WASHINGTON — The top data official on the U.S. Army’s tactical network modernization team said Tuesday that the military will need to solve data governance and interoperability issues across the services as leaders work toward linking sensors and shooters across domains and services.

“Data governance across the services is going to be a challenge because we all have common things together but we also have a lot of uniqueness,” said Portia Crowe, the chief data officer of the Army’s Network Cross-Functional Team at Army Futures Command. She was speaking at a webinar hosted by C4ISRNET.

Crowe’s comments came after a busy few months on data issues within the Department of Defense. The DoD released its data strategy last week with a focus on enabling joint warfighting, while the Air Force and Army recently signed an agreement to collaborate on a Joint All Domain Command and Control concept just weeks after both services tested their individual platforms.

JADC2 is an effort at the Defense Department to connect sensors and shooters across domains and services. That’s a massive undertaking, especially given the amounts of data that must be processed and passed across networks managed by different owners — some of which may be owned by allies.

The Army and Air Force inked a two-year agreement to collaborate on the basics of what they are calling Combined Joint All-Domain Command and Control, or CJADC2. The services agreed to develop data-sharing standards and service interfacing. That’s just the beginning of a partnership that aims to seamlessly share information. Crowe said that the two services have some experiments planned for March 2021.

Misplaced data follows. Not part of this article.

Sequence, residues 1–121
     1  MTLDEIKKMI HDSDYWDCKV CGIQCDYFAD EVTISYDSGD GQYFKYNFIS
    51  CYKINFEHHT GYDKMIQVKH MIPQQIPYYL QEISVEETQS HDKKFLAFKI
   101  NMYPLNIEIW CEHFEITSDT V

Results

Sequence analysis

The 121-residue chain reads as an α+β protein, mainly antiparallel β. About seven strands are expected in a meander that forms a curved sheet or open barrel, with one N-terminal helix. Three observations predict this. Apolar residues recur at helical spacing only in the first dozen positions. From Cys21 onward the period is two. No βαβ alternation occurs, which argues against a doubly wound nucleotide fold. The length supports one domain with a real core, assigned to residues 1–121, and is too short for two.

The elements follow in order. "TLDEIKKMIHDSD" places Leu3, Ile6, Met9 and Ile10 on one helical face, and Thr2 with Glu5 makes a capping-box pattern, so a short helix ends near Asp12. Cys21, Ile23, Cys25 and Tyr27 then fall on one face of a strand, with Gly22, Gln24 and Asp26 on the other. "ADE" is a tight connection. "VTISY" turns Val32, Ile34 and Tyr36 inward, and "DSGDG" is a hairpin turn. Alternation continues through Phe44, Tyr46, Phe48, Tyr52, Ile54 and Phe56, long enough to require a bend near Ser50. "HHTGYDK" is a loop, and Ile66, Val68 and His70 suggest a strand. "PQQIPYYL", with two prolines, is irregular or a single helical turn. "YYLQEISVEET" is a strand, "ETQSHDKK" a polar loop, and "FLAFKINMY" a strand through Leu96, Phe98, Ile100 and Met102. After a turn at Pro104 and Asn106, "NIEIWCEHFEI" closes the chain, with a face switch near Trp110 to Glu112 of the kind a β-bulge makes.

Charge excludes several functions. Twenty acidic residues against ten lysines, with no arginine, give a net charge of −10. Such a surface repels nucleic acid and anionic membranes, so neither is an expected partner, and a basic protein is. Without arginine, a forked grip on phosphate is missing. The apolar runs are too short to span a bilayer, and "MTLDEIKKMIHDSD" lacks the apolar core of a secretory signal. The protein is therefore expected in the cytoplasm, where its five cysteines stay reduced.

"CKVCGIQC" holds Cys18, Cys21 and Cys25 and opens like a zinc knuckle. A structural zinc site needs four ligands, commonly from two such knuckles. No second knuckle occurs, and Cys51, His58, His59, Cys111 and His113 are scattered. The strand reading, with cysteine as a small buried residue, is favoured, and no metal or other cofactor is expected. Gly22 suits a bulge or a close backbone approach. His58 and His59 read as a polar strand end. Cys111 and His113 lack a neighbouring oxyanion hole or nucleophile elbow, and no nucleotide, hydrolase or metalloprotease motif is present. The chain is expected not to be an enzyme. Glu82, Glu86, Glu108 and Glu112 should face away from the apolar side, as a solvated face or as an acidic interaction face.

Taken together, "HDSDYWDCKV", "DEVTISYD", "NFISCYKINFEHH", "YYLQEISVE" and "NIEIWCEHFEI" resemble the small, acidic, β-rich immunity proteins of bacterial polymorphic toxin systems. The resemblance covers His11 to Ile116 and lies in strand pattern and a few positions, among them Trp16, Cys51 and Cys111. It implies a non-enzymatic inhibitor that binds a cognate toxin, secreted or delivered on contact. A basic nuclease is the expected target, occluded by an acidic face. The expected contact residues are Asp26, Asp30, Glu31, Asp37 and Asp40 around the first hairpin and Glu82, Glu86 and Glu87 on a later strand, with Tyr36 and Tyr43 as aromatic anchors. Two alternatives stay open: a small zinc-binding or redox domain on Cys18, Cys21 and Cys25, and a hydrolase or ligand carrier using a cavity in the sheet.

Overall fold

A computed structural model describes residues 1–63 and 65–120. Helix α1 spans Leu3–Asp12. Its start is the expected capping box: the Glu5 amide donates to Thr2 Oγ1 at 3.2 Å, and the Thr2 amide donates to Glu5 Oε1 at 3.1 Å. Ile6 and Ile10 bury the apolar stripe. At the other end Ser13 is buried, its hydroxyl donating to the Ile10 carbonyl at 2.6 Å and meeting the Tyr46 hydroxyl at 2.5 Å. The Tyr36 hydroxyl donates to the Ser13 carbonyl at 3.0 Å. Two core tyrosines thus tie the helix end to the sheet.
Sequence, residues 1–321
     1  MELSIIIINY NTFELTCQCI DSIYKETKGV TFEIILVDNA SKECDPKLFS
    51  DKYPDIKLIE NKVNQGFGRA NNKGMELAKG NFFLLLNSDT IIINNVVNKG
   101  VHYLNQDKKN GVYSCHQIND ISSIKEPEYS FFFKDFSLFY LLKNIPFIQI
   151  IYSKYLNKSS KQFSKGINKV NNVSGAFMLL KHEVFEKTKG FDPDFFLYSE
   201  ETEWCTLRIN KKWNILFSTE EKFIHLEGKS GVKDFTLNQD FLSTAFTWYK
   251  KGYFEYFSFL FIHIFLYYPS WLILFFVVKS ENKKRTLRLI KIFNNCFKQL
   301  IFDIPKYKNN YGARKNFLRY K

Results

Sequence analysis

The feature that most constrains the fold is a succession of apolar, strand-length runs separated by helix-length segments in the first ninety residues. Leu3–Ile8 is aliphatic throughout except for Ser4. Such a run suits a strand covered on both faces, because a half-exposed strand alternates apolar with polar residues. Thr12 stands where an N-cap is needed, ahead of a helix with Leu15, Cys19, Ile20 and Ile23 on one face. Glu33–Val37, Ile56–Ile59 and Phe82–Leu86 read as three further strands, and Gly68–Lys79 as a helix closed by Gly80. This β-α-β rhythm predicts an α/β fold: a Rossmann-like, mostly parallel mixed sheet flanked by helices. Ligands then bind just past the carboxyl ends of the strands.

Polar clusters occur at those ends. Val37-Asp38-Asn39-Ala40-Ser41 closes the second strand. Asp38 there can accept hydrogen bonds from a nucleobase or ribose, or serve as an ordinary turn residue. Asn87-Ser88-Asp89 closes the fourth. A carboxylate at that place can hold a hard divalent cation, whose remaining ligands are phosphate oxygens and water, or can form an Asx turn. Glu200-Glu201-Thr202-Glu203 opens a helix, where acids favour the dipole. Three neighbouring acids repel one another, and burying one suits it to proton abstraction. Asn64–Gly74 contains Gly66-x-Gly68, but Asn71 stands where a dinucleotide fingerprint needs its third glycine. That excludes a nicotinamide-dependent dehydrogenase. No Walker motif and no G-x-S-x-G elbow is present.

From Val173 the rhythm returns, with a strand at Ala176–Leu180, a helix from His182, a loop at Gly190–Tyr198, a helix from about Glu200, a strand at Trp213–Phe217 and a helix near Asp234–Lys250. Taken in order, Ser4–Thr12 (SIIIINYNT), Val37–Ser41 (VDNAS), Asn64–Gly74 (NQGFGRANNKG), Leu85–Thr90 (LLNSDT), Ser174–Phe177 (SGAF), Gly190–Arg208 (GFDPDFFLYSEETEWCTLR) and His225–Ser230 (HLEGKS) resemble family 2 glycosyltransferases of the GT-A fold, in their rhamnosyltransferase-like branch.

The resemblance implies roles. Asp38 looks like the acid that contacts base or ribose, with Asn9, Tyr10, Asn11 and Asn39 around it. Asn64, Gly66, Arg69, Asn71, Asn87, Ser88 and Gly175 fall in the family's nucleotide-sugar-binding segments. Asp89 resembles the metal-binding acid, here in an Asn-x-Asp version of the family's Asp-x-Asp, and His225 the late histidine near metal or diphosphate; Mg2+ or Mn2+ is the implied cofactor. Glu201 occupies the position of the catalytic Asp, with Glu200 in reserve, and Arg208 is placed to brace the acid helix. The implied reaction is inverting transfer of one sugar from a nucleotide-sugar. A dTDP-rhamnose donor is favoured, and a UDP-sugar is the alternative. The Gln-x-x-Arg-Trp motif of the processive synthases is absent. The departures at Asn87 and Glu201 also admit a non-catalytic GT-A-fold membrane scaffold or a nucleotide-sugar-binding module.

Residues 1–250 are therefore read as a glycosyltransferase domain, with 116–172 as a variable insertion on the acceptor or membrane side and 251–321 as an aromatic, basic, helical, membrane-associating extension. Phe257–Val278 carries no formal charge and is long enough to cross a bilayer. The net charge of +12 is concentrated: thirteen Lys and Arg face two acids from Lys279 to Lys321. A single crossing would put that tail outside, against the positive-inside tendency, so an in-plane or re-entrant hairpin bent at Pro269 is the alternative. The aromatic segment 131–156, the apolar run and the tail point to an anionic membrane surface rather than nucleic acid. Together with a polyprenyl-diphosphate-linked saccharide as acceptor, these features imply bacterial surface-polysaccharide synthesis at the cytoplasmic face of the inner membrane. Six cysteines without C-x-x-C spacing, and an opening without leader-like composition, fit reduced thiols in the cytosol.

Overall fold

“We really want to get to that place where, you know what, no matter where the soldier is at any point in time, he has the data that he needs,” Crowe said.

At next year’s Project Convergence, the Army plans to bring in other services and allies to test the interoperability of their systems. That will again present data challenges, with other participants having their own data standards and formats that will have to piece into the Army’s systems. But it’s also a problem Crowe said the Army faces internally.

One of the most challenging pieces of data sharing with allies is the differing systems of classification, Crowe said. Classified data is restricted in terms of whom it can be share with. The Army is looking to solve this problem by making its future tactical network 75 percent secure but unclassified to ensure that data can be passed to allies and partners on the battlefield.

Joint partners also may have different data models and messaging protocols than the Army and the service will have to find ways for allies to talk to each other, such as application programming interface or other technologies. Legacy systems across the military also pose significant challenges when it comes to sharing data, Crowe said.

“There’s ... a school of thought that everybody’s got to be on the same data model or everybody’s got to be using the same standards. I think that’s a great place to start. But we do have a lot of legacy stuff that it will take us a long time and a lot of money for us to be able to do that," Crowe said. "So how can we in the interim work together and do that?”

Flat budgets, in part due to the ongoing COVID-19 pandemic, also pose a threat. Funding that would further progress on data efforts, something Crowe said she was “absolutely” concerned about, will force the Network-CFT to be careful with its investments. But to mitigate the issues, Crowe said the Cooperative Research and Development Agreements, or CRADAs, which allow federal agencies to work with industry on technology, are likely be an important tool moving forward. CRADAs are a tool that the Army’s tactical network team uses often to partner with industry partners on emerging technologies.

“It’s just a way of kind of ... using investments in a different way that really helps us push the envelope forward for the future,” Crowe said.

Andrew Eversden covers all things defense technology for C4ISRNET. He previously reported on federal IT and cybersecurity for Federal Times and Fifth Domain, and worked as a congressional reporting fellow for the Texas Tribune. He was also a Washington intern for the Durango Herald. Andrew is a graduate of American University.

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